Gasoline futures continued to soar Friday morning on the back of U.S. refinery and pipeline shutdowns caused by Hurricane Harvey.
The price of Nymex reformulated gasoline blendstock for September--the benchmark contract--was up nearly 14%, at $2.1470 a gallon, following eight days of gains that have driven prices up to two-year highs.
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"There are very severe supply disruptions and we don't know how long it's going to last," Olivier Jakob, managing director at oil consultancy Petromatrix, said of gas shortages across the U.S. "We have not had an event like this since 2005," he added, referencing Hurricane Katrina's impact on oil markets.
Warren Patterson, a commodities strategist at ING Bank, said that following Hurricane Rita in 2005, it "took up to two months for refinery run-rates in the U.S. to recover back to levels prior to the storm."
Since Harvey made landfall a week ago, the storm, which has since weakened to a tropical depression, has crippled more than 20% of U.S. refining capacity, according to analysts.
Retail prices for gasoline neared $2.49 a gallon Thursday evening, according the Oil Price Information Service, and are expected to keep rising.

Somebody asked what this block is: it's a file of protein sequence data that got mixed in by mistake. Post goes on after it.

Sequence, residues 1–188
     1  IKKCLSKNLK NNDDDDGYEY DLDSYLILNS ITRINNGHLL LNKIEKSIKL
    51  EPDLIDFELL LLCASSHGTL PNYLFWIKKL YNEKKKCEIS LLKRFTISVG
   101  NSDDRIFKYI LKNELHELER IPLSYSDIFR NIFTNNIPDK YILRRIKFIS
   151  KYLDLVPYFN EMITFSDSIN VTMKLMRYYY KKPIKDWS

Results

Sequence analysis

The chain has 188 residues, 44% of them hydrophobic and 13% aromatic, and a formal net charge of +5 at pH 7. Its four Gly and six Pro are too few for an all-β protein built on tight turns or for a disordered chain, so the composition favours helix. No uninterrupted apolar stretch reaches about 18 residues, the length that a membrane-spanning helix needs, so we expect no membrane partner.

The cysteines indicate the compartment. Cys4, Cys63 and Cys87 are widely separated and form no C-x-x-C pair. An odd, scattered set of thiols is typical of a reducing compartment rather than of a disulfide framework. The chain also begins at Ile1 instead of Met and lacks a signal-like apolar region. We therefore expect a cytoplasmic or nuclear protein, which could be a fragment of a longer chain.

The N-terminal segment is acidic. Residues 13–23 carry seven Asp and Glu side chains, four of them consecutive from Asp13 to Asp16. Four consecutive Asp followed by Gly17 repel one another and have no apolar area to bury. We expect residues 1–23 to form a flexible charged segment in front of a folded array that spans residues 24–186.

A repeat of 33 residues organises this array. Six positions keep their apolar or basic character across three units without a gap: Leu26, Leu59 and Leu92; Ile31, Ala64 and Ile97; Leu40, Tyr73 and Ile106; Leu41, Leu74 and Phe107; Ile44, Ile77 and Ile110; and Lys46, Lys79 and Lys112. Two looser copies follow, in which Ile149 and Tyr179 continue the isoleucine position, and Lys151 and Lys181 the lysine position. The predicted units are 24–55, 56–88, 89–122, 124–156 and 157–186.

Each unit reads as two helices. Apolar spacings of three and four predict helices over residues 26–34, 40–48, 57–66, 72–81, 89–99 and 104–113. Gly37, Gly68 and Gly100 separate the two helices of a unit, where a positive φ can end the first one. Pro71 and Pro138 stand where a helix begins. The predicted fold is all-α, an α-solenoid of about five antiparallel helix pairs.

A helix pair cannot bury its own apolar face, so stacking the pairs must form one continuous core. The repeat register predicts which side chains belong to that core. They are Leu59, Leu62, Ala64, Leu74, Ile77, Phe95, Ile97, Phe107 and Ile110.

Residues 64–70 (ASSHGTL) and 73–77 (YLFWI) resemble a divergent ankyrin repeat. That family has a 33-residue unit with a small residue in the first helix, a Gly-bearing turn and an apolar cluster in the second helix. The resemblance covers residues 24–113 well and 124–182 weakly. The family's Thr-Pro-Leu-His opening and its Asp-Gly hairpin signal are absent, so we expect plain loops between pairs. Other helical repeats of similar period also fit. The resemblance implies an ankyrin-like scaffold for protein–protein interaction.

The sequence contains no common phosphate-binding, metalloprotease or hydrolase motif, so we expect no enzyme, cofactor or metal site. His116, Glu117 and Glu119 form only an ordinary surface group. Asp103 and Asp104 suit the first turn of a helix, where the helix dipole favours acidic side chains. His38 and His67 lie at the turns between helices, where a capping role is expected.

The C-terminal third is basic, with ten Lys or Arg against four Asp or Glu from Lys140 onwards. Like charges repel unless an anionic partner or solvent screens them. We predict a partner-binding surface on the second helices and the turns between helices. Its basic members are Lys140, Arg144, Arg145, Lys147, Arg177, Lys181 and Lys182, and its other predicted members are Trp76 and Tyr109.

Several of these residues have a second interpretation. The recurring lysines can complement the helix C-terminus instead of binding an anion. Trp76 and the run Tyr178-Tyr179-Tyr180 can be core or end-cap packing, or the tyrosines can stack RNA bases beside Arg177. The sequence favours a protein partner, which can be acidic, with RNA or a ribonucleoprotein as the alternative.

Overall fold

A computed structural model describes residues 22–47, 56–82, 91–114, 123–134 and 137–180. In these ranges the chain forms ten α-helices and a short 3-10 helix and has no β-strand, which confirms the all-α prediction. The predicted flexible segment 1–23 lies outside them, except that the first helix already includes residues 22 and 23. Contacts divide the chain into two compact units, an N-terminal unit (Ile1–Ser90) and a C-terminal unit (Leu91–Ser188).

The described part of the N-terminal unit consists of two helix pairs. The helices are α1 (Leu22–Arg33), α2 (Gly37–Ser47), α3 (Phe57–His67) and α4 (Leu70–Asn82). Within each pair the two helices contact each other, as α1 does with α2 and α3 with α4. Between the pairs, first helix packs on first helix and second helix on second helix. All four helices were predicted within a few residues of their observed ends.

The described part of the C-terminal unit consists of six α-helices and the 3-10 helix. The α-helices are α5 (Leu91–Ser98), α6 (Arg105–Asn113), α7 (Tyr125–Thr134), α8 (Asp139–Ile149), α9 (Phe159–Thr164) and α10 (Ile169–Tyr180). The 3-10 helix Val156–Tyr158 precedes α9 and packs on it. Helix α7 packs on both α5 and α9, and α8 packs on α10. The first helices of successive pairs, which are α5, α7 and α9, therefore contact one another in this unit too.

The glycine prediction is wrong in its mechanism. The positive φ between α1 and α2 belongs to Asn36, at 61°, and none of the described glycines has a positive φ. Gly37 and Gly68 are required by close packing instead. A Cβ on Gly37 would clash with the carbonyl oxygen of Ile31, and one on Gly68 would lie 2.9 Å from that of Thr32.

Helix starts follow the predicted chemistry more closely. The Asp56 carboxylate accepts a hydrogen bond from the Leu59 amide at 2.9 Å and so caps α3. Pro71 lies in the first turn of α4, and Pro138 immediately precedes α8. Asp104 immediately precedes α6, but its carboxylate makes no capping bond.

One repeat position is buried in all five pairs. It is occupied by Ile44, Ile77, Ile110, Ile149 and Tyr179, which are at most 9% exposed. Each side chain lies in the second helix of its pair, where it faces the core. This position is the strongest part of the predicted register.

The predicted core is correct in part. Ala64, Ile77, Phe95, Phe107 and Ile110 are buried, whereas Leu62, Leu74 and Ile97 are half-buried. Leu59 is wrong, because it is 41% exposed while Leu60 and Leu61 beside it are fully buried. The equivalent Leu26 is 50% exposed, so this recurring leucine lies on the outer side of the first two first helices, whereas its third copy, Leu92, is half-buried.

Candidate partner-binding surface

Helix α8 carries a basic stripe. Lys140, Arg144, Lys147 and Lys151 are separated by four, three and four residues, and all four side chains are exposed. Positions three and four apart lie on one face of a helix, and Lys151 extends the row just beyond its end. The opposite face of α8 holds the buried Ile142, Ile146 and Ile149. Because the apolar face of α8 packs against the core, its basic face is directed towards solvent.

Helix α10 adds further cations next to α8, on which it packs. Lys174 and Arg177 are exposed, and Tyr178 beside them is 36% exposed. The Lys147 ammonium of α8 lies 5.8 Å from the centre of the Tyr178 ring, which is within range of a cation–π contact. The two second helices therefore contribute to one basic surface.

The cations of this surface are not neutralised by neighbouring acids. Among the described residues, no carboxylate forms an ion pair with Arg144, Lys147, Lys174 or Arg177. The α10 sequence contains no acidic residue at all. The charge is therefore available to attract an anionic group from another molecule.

Crude oil prices, meanwhile, fell in London midmorning trading on Friday, giving up some gains from the day prior.
West Texas Intermediate futures were trading down 1.19%, at $46.68 a barrel on the New York Mercantile Exchange. Brent crude, the global benchmark, was down by 1.02%, at $52.32 a barrel on London's Intercontinental Exchange.
Prices had gained Thursday on news that production had been disrupted by Harvey and that Libyan output had declined as a result of pipeline disruptions.
But overall, crude prices have ailed since Harvey hit, as closed refineries have dried up demand for oil. WTI has been hit hardest with prices falling more than 2% since last week, while the WTI-Brent spread has widened to more than $5.
Oil prices should face further pressure in the coming weeks because U.S. crude stocks are likely increase, according to analysts at Commerzbank. "Crude imports and oil production in the Gulf of Mexico should be ramped up again more quickly than crude oil processing," the analysts wrote in a note Friday.
"This could put a question mark over the reduction of the oversupply and weigh on oil prices," the analysts added.
Among refined products, ICE gasoil changed hands at $509.75 a metric ton, up nearly 1% from the previous settlement.
Marina Force contributed to this article.
Write to Christopher Alessi at email@example.com
(END) Dow Jones Newswires
September 01, 2017 06:55 ET (10:55 GMT)